Letters week of Jan. 11, 2007

Jewish Kids and Xmas Trees Just Don't Mix

I was very grateful to read that the experts mentioned in "Kosher Christmas Trees?" (Religion & Ethics, Dec. 21) insisted that your best bet to raising Jewish children is not having a tree at holiday time.

As a Jew raised by a Jewish mother and Christian father, I disagree with parents raising Jewish children with Christmas trees.

I grew up with no real Jewish upbringing; we celebrated Christmas and Easter and Chanukah. We went to shul, but I realized I never had a minhag (family custom) of my own and was jealous of "full Jewish" children.

If you're going to raise your children Jewish, do it right. It can still be done when a non-Jewish parent is involved. Of course, children can be taken to the non-Jewish grandparents house for Christmas, but to see a tree in a non-Jewish home and to have a tree in a Jewish one are two different things.
Cathy Catino
Upper Darby

Forget Ellison, What Do Muslim Schools Teach?

The whole flare-up over Rep. Keith Ellison and his Koran is much ado about nothing (A Matter of Opinion: "Protestant, Catholic, Jew and Muslim," Dec. 28).

To my mind, there is a potential 800-pound gorilla in the room that nobody is willing to talk about.

What is being taught in sectarian Muslim schools in this country? Whose pictures adorn the walls in these schools? What do maps of the Middle East look like there? How is 9/11 addressed?

A bright light must be directed on this problem before we find out too late that we have a homegrown crop of Jihadists living in our midst. Since these schools no doubt get favorable tax treatment, the state has every right to closely examine their activities.
Richard Saunders

Flap Over Koran Oath: A Tempest in a Teapot

Dedicated as we are in America to freedom of speech, was it really that important for Jonathan Tobin to waste his time and ours criticizing Dennis Prager for how he chastised a new Muslim member of Congress (A Matter of Opinion: "Protestant, Catholic, Jew and Muslim," Dec. 28)?

But given the constant pressure from the State Department on Israel's foolish and weak government to yield to suicidal concessions, surely it would have been more important to focus on the continued threat to Israel's existence.

The Ellison issue is a tempest in a teapot and pursuing it is like fiddling while Israel burns.
Jerry Boris

T.S. Eliot Was Not Ezra Pound … or David Duke

I would amend Robert Leiter's article, "Under the Lot" (Books & Writers, Dec. 21), with Isabel's caution to Angelo in "Measure for Measure": "I have a brother is condemn'd to die, I do beseech you, let it be his fault, And not my brother."

So Isabel, and so we might similarly plead for T.S. Eliot, perpetrator of the ugly lines, "And the Jew squats on the windowsill … /Blistered in Brussels, patched and peeled in London." And "The rats are underneath the piles. /The Jew is underneath the lot …"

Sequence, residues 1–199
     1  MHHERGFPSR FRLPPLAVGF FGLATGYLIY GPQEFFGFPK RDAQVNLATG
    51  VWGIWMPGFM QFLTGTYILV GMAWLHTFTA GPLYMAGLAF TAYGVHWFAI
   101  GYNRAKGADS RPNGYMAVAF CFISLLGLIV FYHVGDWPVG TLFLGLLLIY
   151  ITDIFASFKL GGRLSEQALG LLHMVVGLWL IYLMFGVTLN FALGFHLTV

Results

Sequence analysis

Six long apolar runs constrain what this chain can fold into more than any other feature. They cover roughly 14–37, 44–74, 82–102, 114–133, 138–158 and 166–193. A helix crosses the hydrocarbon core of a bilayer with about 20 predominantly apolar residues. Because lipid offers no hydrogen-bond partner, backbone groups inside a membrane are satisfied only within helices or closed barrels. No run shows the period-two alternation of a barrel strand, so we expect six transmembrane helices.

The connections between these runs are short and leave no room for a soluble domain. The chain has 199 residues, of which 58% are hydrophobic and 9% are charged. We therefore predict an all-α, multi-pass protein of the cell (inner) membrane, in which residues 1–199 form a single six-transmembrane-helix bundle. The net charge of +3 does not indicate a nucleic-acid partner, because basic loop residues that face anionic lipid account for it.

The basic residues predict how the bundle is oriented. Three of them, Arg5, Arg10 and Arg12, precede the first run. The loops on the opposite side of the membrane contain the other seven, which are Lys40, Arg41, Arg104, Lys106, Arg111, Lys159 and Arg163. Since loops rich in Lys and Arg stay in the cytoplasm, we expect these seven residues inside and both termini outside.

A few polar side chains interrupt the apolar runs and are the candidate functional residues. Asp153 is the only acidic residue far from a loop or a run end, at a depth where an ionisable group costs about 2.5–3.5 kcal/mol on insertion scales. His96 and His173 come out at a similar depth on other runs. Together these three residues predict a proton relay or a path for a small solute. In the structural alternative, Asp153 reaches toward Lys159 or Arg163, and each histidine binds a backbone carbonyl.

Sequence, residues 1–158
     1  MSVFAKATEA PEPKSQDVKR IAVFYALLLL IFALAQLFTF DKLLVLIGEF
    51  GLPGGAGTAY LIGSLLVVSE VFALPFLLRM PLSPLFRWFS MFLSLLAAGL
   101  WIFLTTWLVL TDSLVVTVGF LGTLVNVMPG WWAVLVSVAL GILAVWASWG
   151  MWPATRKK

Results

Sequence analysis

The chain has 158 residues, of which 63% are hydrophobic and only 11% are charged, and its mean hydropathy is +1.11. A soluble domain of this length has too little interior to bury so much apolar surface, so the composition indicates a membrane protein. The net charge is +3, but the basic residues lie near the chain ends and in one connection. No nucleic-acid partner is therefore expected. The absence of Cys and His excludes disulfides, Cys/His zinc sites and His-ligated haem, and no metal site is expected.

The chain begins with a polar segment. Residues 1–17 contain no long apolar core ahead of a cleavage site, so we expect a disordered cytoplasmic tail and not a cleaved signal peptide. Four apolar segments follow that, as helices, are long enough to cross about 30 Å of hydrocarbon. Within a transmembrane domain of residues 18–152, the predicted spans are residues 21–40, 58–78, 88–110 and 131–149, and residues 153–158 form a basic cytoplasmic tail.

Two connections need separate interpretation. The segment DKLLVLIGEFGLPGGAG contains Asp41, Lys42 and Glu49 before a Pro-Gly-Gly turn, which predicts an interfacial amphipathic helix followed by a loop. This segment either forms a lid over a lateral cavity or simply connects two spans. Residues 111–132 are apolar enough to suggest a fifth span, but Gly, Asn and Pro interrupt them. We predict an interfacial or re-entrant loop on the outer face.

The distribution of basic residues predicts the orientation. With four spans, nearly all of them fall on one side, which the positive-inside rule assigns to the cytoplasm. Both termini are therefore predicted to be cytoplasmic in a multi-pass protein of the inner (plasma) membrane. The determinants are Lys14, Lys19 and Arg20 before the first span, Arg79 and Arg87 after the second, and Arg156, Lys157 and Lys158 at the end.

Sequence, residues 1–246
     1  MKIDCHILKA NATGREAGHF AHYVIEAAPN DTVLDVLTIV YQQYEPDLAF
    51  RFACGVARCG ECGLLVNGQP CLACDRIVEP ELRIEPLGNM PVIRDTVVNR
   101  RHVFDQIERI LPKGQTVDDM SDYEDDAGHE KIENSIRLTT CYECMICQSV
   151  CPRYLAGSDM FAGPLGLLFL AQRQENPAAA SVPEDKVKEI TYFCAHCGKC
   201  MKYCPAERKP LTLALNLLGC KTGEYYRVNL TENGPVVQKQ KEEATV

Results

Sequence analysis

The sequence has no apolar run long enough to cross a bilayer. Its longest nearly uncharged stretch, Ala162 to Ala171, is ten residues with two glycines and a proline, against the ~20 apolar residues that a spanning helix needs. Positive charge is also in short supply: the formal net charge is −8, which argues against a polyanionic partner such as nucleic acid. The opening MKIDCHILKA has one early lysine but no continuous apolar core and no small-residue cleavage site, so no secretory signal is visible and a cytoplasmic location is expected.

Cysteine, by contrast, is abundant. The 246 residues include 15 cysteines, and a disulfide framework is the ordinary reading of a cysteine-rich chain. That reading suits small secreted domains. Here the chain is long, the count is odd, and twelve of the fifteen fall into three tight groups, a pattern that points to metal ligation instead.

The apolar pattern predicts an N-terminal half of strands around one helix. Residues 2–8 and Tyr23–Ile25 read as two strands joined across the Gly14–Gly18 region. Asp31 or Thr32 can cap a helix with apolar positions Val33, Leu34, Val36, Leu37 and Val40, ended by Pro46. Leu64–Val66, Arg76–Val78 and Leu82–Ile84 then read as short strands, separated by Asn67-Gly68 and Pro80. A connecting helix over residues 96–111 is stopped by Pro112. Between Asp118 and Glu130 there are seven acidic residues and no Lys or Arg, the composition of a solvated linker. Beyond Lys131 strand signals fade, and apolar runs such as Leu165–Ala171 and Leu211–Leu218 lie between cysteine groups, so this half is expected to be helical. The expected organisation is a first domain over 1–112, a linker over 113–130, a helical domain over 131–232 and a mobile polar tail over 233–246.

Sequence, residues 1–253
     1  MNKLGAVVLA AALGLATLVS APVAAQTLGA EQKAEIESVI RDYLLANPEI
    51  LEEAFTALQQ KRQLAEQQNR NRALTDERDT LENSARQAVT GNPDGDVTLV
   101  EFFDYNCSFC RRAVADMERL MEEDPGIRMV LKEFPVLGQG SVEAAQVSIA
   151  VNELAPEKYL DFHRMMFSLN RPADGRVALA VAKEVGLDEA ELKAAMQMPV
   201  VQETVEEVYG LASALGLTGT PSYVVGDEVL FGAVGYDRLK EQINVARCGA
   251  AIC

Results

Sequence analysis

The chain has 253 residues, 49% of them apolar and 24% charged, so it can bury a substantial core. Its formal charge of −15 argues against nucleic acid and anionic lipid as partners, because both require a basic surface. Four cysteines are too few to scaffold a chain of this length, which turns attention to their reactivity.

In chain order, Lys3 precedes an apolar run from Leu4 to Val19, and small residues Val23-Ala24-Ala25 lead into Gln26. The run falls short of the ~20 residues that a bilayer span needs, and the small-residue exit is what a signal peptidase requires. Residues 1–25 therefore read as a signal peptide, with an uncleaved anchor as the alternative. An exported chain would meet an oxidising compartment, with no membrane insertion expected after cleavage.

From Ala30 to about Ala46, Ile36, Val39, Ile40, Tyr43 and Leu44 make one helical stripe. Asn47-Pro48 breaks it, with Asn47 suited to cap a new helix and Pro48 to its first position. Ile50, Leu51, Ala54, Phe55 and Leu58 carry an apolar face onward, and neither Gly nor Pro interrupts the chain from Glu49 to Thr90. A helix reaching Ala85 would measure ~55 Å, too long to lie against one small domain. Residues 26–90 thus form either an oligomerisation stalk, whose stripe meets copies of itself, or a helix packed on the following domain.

Eliot wrote those lines in the early 1920s, at the age of 32. He disliked Jews because they were "Chicago Semite Viennese" — and, to his mind, were diluting Christianity's roots. Although it does not excuse him, it may be that the violence perpetrated against the Jews in the 1930s forced him to reconsider.

Likely, he was confronted with the reality that the Nazi crimes were the logical outcome, in part, of "nice people's" anti-Semitism. In any event, unlike his rabid buddy Ezra Pound, by the time he returned to America after the war for his first-ever poetry reading here, there is good evidence of a change of heart.

Significantly, the first of only several stops that he made was at New York's 92nd Street YMHA. Obviously, he did not read either of his anti-Semitic poems. But can you imagine a rabid anti-Semite — say a David Duke or Mahmoud Ahmadinejad — speaking there?

The place was packed, and Eliot enjoyed an enthusiastic response. Not many years after, he returned for a second reading, and again was warmly received by a packed house.

Eliot was no vitriolic Richard Wagner. It was said that in later years he mellowed. And strong indications of it, among others, were his appearances at the Y.
Donald J. Middleman

Will the Real Sodomites Please Stand Up

There are many inaccuracies in S.R. Cohen's letter to the editor (Letters: "The Real Sodomites? The Tax Cutters, Not Gays," Dec. 28).

Bereshit (Genesis 13:13) declares that the people of Sodom were evil and sinful. According to S.R. Cohen, this sin was "abuse of the poor." A careful reading of Ezekiel 16:49-50, which Cohen cites to back up his opinion, reveals a list of several sins, including committing abominations before God.

The story of the two angels who were offered hospitality by Lot in chapter 19 of Genesis clearly illustrates the major wickedness of Sodom's men. They surround Lot's house and demand that he send the two visitors out that they might be "intimate with them."

The word that Judaica Press translates "intimate" comes from the Hebrew word "yada," which means "to know." Rashi's commentary on this verse states the men wanted to have sexual intercourse with the two visitors. Sodomy has classically been understood by both scholarly Rabbinical and Christian authorities as the sin of homosexual sex.

Cohen's argument — that the prohibition of homosexual behavior in Leviticus 18:22 is not referring to moral behavior, and that if it did, it would only apply to "residents of the Holy Land" — manages to diminish our creator to only a local deity.

Based on the text of the Tanach, the wickedness of Sodom that warranted its destruction must be understood as including homosexuality.

There is a warning in this, and it is not a sacrilege, as Cohen asserts, to point this out to the Jewish community.
R.S. Elkin


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